The Songs are Free

“What’s so special about African American music?”

[Like all of our assignments, this one is due on or before Sunday at 10 p.m.]


Bernice Johnson Reagon, born in Albany, Georgia, was an early member of the Student Nonviolent Coordinating Committee (SNCC), and her impressive achievements since then are rooted in what she learned in the Movement.

Among many other accomplishments, she holds a PhD in history and spent much of her career at the Smithsonian Institution in Washington, D.C. Her importance for our class stems mainly from her provocative answers to the question, “What’s so special about African American music?”


After completing this assignment students should be able to discuss Reagon’s understanding of African American music’s roles within the culture.


Bernice Johnson Reagon: The Songs are Free (00:57:32)

Follow the link to open the video, which is available streaming through Films on Demand in Galileo. You will need to log in using your Clayton State SWAN username and password.

Viewing Guide

Note that this guide is not meant to replace careful study of the entire video. Instead, this guide highlights some of its important ideas and information. To do well on our tests, quizzes, and class discussions, you will need a thorough knowledge of the entire video.

“You cannot sing a song, and not change your condition….And I am talking about a culture that thinks it is important to exercise this part of your being.
Reagon argues that today “African American culture is one of the most powerful in the world,” and that this is the result of a specific set of historical circumstances. What brought this about, according to Reagon?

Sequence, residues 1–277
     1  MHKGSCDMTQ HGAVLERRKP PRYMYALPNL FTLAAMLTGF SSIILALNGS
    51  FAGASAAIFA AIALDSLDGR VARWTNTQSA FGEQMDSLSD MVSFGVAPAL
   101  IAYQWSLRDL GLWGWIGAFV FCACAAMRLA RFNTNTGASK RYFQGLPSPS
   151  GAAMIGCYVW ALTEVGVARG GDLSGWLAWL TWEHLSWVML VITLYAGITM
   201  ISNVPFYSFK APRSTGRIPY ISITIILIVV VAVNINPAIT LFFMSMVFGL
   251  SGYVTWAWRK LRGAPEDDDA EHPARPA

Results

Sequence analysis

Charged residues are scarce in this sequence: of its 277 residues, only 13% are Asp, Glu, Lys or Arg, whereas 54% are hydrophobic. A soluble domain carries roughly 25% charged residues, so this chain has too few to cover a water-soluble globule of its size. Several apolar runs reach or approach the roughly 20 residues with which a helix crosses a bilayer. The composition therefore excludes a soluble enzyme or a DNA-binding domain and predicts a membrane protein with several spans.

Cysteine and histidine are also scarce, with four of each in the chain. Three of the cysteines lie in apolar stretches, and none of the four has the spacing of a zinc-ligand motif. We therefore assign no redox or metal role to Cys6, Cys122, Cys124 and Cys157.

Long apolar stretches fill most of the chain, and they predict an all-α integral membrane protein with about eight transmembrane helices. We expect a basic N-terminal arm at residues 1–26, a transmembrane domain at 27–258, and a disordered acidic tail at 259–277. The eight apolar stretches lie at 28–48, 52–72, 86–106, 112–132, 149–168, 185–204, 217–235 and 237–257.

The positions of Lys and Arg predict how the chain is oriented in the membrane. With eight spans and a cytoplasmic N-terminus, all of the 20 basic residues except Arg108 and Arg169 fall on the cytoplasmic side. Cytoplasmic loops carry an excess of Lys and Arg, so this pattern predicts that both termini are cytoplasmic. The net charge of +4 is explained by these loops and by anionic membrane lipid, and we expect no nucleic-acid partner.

Reagon relates a story about a sheriff stalking through the pews during Movement meetings, trying to intimidate the people who had gathered there. In defense, someone always started a song. “Sound is a way to extend the territory you can affect. So, people can walk into you way before they can get close to your body. And certainly the communal singing that people do together is a way of announcing that we’re here, that this is real, and so anybody that comes into that space, as long as you’re singing, they cannot change the air in that space.
The interviewer asks about groups like 2 Live Crew, and “the anger and violence that they use to tell their stories.” He is probably thinking of 2 Live Crew’s “Me So Horny,” which was the subject of obscenity trials at the time of the interview. What is her answer?
INTERVIEWER: “Is there any music yet that is coming out [of the new struggle]?”
REAGON: “There is always music.”


In our Georgia View Discussion area, post an original thread and respond to at least one other post. Please carefully review our Discussion directions before contributing.

Topic: “The Songs are Free”

In your own life or in the lives of people you know, does music function in the ways that Reagon suggests it does? In framing your answer, remember to refer directly to one or more of Reagon’s specific statements.

You can summarize her ideas or include direct quotes, but if you do the latter remember to use quotation marks.